China confirms one million cow cloning ‘factory’
Farmers Weekly – Thursday 26th November
There’s something quite ridiculous, as well as hideous, about China’s plan to open a one million cow cloning factory. Ridiculous in its belief that consumers will embrace cloned meat when there’s already widespread mistrust of genetic modification (and the FDA’s announcement that cloning like genetic modification is safe, is unlikely to change this). Hideous in the ramifications to animal welfare.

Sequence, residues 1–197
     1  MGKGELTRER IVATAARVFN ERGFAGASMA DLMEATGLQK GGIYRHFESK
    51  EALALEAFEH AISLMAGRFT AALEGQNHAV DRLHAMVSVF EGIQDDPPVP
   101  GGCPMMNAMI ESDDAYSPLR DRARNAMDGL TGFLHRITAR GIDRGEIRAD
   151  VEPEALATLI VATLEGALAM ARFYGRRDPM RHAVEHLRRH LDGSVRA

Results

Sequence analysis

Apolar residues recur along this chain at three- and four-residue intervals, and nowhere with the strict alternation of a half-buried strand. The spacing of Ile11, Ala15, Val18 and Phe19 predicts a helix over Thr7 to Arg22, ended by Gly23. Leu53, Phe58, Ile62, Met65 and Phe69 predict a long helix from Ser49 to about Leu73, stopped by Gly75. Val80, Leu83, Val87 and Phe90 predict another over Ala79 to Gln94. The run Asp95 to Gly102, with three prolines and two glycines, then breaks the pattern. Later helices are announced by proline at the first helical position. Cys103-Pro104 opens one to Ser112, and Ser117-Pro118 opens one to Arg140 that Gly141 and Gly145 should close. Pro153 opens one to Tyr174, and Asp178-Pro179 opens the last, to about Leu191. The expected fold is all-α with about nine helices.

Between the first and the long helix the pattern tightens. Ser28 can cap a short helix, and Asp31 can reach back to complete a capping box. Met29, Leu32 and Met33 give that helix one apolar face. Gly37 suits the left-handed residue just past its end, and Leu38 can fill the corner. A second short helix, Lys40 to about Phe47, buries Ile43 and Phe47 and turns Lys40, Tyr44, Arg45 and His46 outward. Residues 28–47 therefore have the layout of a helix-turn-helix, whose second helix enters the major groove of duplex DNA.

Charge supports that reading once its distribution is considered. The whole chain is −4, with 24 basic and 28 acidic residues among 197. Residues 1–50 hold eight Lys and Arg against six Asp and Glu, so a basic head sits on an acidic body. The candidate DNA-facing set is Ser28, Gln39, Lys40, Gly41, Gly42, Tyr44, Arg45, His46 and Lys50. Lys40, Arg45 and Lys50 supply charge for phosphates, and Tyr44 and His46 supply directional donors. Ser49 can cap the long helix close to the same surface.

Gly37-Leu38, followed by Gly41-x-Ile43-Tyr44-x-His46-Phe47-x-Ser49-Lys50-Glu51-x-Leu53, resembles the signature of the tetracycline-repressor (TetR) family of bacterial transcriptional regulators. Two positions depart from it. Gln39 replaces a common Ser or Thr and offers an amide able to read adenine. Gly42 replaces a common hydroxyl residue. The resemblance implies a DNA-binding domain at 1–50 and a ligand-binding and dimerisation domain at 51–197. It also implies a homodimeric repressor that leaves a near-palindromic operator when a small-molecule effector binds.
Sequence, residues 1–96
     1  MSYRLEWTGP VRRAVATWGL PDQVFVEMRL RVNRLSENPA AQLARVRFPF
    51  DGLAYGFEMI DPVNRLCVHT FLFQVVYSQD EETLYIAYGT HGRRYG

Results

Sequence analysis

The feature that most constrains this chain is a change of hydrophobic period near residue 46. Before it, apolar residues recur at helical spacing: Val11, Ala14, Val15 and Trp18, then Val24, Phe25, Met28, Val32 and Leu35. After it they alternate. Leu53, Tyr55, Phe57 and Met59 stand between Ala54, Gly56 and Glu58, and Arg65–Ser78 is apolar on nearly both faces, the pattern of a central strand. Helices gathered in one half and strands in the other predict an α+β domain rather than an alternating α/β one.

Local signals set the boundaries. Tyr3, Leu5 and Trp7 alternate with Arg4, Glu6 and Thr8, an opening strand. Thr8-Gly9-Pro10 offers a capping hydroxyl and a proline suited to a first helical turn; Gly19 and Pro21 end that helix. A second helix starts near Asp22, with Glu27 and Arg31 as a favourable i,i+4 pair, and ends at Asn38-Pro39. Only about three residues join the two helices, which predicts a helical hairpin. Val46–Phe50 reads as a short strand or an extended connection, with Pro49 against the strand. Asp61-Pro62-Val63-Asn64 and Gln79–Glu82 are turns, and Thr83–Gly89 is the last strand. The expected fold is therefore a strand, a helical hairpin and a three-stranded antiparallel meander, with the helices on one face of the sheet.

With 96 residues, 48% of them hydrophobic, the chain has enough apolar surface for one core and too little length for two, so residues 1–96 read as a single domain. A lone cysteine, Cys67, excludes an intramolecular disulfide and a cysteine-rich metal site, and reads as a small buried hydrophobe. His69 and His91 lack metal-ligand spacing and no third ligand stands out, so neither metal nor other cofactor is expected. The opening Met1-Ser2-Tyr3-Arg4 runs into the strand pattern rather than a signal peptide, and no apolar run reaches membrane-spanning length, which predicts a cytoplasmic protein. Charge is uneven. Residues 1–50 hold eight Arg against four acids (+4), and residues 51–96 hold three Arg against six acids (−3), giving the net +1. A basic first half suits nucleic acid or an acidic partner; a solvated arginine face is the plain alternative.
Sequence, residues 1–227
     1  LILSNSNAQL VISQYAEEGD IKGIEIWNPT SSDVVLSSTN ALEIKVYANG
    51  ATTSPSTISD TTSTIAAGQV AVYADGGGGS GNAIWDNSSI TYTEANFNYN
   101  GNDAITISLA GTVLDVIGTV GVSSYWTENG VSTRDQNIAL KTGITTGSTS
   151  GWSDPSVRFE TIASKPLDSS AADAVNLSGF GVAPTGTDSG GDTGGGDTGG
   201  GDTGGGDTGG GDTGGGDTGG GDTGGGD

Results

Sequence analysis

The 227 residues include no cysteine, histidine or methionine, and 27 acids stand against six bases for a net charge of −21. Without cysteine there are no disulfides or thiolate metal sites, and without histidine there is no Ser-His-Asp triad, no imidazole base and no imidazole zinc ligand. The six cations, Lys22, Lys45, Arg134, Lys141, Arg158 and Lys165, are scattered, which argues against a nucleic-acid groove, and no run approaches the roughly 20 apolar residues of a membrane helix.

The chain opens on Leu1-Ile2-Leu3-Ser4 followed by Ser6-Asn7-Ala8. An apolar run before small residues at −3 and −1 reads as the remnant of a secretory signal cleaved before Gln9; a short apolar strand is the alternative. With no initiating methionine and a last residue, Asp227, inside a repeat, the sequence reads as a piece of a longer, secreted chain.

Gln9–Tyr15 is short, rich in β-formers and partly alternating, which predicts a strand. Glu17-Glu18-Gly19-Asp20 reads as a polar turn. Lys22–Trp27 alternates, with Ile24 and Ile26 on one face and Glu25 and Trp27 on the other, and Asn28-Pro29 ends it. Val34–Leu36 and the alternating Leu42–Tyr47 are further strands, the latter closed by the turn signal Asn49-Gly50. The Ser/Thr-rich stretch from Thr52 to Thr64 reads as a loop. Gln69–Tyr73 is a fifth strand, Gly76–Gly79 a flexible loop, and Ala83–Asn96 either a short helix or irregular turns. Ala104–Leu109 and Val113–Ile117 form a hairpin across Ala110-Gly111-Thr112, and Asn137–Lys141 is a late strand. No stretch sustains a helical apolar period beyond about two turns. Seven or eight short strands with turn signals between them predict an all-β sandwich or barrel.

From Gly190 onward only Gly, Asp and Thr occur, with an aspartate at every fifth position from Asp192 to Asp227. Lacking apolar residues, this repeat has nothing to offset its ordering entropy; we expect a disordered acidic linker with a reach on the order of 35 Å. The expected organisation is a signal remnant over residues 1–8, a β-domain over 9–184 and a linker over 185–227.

While cloning may have its uses – shown in both gene cloning and, potentially, therapeutic cloning – reproductive cloning remains faulty, inefficient and problematic. We’re still a long way off from supermarkets filled with cloned meat and China’s factory may be more aspirational than successful. A couple of significant problems still plague the process. For starters, most animals that are currently being reproductively cloned are unfit for life – they suffer from something called ‘Large Animal Syndrome’ which increases both the overall size of the animal, but more significantly, the size of animals’ vital organs so they don’t function properly. Further, most embryos die and most animals die prematurely (due to aging chromosomes), and before this premature death they often live in pain and discomfort. It’s a pretty awful scenario both economically and ethically.